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  Compositionality of rule representations in human prefrontal cortex

Reverberi, C., Görgen, K., & Haynes, J.-D. (2012). Compositionality of rule representations in human prefrontal cortex. Cerebral Cortex, 22(6), 1237-1246. doi:10.1093/cercor/bhr200.

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Item Permalink: http://hdl.handle.net/11858/00-001M-0000-000F-039F-3 Version Permalink: http://hdl.handle.net/21.11116/0000-0004-5C21-0
Genre: Journal Article

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Reverberi_2012_Compositionality.pdf (Publisher version), 556KB
 
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 Creators:
Reverberi, Carlo1, 2, Author
Görgen, Kai1, Author
Haynes, John-Dylan1, 3, Author              
Affiliations:
1Bernstein Center for Computational Neuroscience, Berlin, Germany, ou_persistent22              
2Department of Psychology, University of Milano–Bicocca, Milan, Italy, ou_persistent22              
3Max Planck Fellow Research Group Attention and Awareness, MPI for Human Cognitive and Brain Sciences, Max Planck Society, ou_634553              

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Free keywords: Control functions; Decoding; fMRI; Frontal lobe; Neural code
 Abstract: Rules are widely used in everyday life to organize actions and thoughts in accordance with our internal goals. At the simplest level, single rules can be used to link individual sensory stimuli to their appropriate responses. However, most tasks are more complex and require the concurrent application of multiple rules. Experiments on humans and monkeys have shown the involvement of a frontoparietal network in rule representation. Yet, a fundamental issue still needs to be clarified: Is the neural representation of multiple rules compositional, that is, built on the neural representation of their simple constituent rules? Subjects were asked to remember and apply either simple or compound rules. Multivariate decoding analyses were applied to functional magnetic resonance imaging data. Both ventrolateral frontal and lateral parietal cortex were involved in compound representation. Most importantly, we were able to decode the compound rules by training classifiers only on the simple rules they were composed of. This shows that the code used to store rule information in prefrontal cortex is compositional. Compositional coding in rule representation suggests that it might be possible to decode other complex action plans by learning the neural patterns of the known composing elements.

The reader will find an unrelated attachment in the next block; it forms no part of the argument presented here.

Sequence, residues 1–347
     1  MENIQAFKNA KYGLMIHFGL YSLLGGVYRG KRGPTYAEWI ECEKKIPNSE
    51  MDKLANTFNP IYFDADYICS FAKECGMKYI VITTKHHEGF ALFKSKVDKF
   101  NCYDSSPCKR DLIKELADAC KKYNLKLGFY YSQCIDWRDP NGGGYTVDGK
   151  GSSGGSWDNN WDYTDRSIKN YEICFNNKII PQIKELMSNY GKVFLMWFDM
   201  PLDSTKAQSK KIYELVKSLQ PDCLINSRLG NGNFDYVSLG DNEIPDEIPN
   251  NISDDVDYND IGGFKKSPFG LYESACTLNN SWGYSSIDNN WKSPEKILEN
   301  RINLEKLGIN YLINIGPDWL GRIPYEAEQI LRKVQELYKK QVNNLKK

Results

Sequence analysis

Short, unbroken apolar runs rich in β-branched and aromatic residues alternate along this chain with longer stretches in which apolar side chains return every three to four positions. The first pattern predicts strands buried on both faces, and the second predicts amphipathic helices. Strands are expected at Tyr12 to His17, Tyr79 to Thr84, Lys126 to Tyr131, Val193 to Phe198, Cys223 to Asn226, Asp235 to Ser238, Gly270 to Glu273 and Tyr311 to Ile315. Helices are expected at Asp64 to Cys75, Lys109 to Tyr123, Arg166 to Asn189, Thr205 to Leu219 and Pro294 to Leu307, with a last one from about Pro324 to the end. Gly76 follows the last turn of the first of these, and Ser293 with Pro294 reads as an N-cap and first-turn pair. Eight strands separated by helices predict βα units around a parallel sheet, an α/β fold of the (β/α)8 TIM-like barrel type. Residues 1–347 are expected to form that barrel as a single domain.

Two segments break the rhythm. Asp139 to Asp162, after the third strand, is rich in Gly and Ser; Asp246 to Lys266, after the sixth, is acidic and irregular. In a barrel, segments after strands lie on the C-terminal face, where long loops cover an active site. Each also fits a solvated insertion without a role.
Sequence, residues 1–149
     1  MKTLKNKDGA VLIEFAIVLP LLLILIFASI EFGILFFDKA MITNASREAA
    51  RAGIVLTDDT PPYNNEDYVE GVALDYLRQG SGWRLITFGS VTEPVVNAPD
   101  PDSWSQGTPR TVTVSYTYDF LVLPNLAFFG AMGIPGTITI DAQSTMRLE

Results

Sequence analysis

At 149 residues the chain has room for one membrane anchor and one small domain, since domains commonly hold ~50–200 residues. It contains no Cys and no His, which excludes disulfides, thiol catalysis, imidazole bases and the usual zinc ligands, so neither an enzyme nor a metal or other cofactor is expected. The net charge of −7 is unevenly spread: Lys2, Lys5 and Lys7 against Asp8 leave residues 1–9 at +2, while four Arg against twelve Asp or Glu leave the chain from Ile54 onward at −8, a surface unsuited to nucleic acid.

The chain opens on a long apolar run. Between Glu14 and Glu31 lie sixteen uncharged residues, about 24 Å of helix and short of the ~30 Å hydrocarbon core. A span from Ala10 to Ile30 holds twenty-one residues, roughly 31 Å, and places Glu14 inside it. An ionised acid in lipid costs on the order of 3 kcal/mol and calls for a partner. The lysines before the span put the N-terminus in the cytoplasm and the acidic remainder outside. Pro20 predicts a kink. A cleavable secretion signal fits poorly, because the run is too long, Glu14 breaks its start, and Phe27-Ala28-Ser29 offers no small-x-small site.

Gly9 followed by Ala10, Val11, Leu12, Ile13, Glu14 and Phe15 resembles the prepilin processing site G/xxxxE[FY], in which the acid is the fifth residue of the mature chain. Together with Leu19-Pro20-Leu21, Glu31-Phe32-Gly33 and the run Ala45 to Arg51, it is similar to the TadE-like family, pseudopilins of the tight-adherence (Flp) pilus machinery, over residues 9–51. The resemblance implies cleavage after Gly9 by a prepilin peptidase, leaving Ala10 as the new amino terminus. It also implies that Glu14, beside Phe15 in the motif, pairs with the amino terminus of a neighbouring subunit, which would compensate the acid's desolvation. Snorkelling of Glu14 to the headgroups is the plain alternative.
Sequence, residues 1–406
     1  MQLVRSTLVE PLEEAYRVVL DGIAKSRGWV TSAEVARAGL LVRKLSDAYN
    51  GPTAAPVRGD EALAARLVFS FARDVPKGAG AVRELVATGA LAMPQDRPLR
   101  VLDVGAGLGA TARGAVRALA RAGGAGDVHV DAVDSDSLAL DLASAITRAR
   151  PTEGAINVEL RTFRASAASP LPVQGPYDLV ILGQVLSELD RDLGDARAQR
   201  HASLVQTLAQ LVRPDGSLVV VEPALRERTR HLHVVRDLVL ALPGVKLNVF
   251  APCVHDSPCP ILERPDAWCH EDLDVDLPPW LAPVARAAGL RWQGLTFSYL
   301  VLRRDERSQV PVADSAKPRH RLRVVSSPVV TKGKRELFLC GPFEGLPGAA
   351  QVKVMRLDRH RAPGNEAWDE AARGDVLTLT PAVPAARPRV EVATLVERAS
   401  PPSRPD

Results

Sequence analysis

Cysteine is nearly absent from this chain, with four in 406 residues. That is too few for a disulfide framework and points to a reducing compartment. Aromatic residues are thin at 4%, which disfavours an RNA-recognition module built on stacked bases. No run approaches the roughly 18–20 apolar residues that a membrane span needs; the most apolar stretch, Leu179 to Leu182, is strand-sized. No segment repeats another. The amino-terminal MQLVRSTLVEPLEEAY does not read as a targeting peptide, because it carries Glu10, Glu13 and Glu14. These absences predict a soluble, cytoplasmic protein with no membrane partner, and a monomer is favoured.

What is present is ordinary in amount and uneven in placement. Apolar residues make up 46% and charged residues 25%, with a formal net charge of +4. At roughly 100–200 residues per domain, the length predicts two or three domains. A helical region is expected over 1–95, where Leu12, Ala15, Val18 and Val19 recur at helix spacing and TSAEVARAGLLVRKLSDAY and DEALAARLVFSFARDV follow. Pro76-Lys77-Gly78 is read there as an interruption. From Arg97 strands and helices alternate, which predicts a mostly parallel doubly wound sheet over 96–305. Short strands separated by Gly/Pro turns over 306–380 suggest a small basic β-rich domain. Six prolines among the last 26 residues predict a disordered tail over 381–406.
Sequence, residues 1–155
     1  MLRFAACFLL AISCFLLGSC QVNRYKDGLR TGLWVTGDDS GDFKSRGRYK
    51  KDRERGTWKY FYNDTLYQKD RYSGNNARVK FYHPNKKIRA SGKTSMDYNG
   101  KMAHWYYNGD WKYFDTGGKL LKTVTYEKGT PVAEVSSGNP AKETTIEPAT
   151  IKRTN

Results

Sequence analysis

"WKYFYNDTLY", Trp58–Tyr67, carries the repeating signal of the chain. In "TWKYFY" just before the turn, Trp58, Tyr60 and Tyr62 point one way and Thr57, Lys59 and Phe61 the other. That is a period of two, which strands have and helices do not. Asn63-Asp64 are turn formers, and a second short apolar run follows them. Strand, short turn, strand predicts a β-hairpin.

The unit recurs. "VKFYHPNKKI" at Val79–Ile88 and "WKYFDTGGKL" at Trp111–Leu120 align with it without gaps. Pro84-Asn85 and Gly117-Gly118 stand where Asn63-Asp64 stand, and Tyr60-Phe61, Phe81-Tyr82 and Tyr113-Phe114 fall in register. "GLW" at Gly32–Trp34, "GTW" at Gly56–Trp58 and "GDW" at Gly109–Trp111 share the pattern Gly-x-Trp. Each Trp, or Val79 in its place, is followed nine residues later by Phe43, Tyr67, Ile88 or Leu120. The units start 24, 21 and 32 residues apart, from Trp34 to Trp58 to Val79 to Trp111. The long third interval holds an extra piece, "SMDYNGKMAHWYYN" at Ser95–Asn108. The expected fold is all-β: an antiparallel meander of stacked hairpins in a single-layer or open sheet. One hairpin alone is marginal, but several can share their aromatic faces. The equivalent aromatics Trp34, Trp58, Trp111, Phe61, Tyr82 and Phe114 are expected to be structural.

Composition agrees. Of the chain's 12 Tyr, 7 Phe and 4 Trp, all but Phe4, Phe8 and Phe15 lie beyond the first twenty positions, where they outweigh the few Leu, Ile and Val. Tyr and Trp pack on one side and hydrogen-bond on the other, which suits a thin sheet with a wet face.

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Language(s): eng - English
 Dates: 2011-08-042012-06
 Publication Status: Published in print
 Pages: -
 Publishing info: -
 Table of Contents: -
 Rev. Type: Peer
 Identifiers: DOI: 10.1093/cercor/bhr200
PMID: 21817092
Other: Epub 2011
 Degree: -

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Title: Cerebral Cortex
Source Genre: Journal
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Publ. Info: New York, NY : Oxford University Press
Pages: - Volume / Issue: 22 (6) Sequence Number: - Start / End Page: 1237 - 1246 Identifier: ISSN: 1047-3211
CoNE: https://pure.mpg.de/cone/journals/resource/954925592440